Internet Laryngectomee Support
Tom Healey - Lary in a Hurry
Tom Healey is way too busy and in a hurry to let becoming a laryngectomee get in his way. Tom, from New Jersey, started to get hoarse at the end of 2000. Although just 42, he was a long time smoker and drinker, had dealt with lots of hazardous materials, and had also been exposed to paint, solvents, and other fumes. By February 2001, he was having problems swallowing. Ultimately the cancer diagnosis was made.
Tom is a truck driver and had owned his own rig for a time, drove for a several union companies, and last worked full time for Jevic Transportation. He was fired when he needed more time off for radiation. He now drives a truck within his New Jersey, Connecticut and Massachusetts area.
But Tom's passion is another kind of driving - - racing. He races every Saturday and a few Sundays from April through September in racing events which are often the pre-show event for demolition derbies. He races for the fun of it. As he says, "I don't make any money. I started back in 1977 at Freeport Speedway on Long Island, ran a few races at Islip on Long Island. Then I bought a truck and was running from New York to California."
Tom also worked as the track photographer at Wall Stadium in 1993, started
working on a car in 1994, and bought his own in 2000. About racing he said, "It
feels great to win, not only for me, but for the work the team did." Racing gets
into your blood and he tried to race three days after his laryngectomy with the
stitches still in, but the track officials wouldn't let him. As he put it, "I
don't think the helmet would have fit anyway."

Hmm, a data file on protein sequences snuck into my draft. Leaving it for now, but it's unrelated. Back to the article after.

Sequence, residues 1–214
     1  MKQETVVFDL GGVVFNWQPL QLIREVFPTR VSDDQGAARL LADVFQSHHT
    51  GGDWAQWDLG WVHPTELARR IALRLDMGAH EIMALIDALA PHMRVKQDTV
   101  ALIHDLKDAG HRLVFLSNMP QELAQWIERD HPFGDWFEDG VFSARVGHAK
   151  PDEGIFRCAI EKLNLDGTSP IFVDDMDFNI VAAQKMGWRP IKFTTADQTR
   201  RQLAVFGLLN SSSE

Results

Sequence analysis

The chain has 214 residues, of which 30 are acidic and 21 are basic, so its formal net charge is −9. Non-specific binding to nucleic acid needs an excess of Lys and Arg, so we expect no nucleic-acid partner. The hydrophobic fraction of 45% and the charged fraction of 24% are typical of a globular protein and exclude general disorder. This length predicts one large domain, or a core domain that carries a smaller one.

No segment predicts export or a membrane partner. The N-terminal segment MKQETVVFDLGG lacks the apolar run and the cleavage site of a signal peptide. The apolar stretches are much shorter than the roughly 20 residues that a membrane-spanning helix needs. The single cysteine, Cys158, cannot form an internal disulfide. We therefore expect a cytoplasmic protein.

Racing his own car in 2000, he managed to finish 15th in points out of 52 cars
despite only racing half a season. He completely rebuilt the car over the
winter, doing most of the work himself in putting the motor in, painting and
cleaning it. More recently he said, "We do okay. Came from a nobody team last
year and had the third fastest time in the time trials for the fifty lapper, my
bad choice of tires, then drew the pole position, blew a tire and finished 9th."
Such is racing. Of his age he says, "It's tough keeping up with these young
On what he misses about life before becoming a lary he lists the ability to smell and water ski. But he emphasizes the positive and does not miss snoring and a chronic stuffed up nose, and concludes, "I accept things as they are. People I race with can't believe I do this after an operation like that. They think I should go back to being a photographer. Hey, I hurt my back in 1984, and still drive a truck. This isn't a handicap."
Concerning opportunities to help fellow laryngectomees he recalled, "When I went
back to my speech pathologist, she had a woman come in to see me because her
husband had the surgery that day. It was my first day with the TEP and showed
her that I could speak. She was in tears with happiness because she thought her
husband would never talk again." He was also asked on the spur of the moment to
speak to a group in Atlantic City about what had happened to him. They asked